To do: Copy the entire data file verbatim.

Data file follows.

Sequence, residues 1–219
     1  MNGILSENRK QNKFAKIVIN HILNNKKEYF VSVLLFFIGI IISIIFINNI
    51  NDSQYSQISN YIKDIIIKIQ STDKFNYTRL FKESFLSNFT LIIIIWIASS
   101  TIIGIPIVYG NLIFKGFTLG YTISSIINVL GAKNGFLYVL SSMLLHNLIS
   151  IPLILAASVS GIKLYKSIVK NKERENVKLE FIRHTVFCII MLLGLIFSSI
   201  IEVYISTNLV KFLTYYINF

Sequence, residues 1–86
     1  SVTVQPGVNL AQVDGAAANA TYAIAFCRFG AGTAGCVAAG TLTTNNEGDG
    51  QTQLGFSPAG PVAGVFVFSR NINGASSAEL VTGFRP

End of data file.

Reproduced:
Sequence, residues 1–219
     1  MNGILSENRK QNKFAKIVIN HILNNKKEYF VSVLLFFIGI IISIIFINNI
    51  NDSQYSQISN YIKDIIIKIQ STDKFNYTRL FKESFLSNFT LIIIIWIASS
   101  TIIGIPIVYG NLIFKGFTLG YTISSIINVL GAKNGFLYVL SSMLLHNLIS
   151  IPLILAASVS GIKLYKSIVK NKERENVKLE FIRHTVFCII MLLGLIFSSI
   201  IEVYISTNLV KFLTYYINF

Sequence, residues 1–86
     1  SVTVQPGVNL AQVDGAAANA TYAIAFCRFG AGTAGCVAAG TLTTNNEGDG
    51  QTQLGFSPAG PVAGVFVFSR NINGASSAEL VTGFRP